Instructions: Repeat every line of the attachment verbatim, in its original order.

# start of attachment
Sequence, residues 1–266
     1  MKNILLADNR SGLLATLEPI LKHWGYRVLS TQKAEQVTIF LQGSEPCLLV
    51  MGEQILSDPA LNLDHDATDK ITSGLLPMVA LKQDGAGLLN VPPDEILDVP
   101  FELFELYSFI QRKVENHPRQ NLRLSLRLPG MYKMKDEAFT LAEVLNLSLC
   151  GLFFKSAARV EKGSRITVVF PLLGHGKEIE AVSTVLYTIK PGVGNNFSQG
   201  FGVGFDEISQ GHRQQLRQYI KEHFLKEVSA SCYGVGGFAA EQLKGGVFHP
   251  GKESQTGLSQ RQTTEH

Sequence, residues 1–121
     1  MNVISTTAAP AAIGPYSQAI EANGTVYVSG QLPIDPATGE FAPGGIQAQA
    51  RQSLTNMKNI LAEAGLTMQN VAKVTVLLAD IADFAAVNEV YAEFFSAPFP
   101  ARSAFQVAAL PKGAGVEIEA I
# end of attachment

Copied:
Sequence, residues 1–266
     1  MKNILLADNR SGLLATLEPI LKHWGYRVLS TQKAEQVTIF LQGSEPCLLV
    51  MGEQILSDPA LNLDHDATDK ITSGLLPMVA LKQDGAGLLN VPPDEILDVP
   101  FELFELYSFI QRKVENHPRQ NLRLSLRLPG MYKMKDEAFT LAEVLNLSLC
   151  GLFFKSAARV EKGSRITVVF PLLGHGKEIE AVSTVLYTIK PGVGNNFSQG
   201  FGVGFDEISQ GHRQQLRQYI KEHFLKEVSA SCYGVGGFAA EQLKGGVFHP
   251  GKESQTGLSQ RQTTEH

Sequence, residues 1–121
     1  MNVISTTAAP AAIGPYSQAI EANGTVYVSG QLPIDPATGE FAPGGIQAQA
    51  RQSLTNMKNI LAEAGLTMQN VAKVTVLLAD IADFAAVNEV YAEFFSAPFP
   101  ARSAFQVAAL PKGAGVEIEA I